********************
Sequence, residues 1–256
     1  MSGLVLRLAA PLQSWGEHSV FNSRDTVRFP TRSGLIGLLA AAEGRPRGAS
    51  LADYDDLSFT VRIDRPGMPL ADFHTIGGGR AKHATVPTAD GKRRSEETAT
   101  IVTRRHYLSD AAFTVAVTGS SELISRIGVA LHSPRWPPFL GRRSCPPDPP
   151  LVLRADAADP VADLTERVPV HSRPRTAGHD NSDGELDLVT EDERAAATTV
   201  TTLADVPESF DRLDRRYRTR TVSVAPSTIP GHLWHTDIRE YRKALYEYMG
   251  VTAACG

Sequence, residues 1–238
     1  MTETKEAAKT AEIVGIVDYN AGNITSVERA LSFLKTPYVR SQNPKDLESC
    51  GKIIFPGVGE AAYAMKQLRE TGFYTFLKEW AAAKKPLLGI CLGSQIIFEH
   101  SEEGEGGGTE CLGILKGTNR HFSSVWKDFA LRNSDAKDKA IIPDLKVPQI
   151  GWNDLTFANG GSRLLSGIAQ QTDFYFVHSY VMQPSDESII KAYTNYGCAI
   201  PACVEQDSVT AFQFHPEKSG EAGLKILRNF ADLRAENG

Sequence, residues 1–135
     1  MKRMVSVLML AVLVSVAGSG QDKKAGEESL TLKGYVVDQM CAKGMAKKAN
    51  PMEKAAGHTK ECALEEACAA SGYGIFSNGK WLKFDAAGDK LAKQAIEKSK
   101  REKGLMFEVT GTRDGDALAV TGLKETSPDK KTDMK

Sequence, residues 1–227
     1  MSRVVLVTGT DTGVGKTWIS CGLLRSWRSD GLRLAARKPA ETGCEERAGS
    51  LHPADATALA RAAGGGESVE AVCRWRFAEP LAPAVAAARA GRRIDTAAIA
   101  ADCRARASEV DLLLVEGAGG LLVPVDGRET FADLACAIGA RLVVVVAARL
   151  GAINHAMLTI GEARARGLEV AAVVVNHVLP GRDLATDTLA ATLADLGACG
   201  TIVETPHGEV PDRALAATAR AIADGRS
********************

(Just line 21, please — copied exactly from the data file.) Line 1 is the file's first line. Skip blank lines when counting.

   101  ADCRARASEV DLLLVEGAGG LLVPVDGRET FADLACAIGA RLVVVVAARL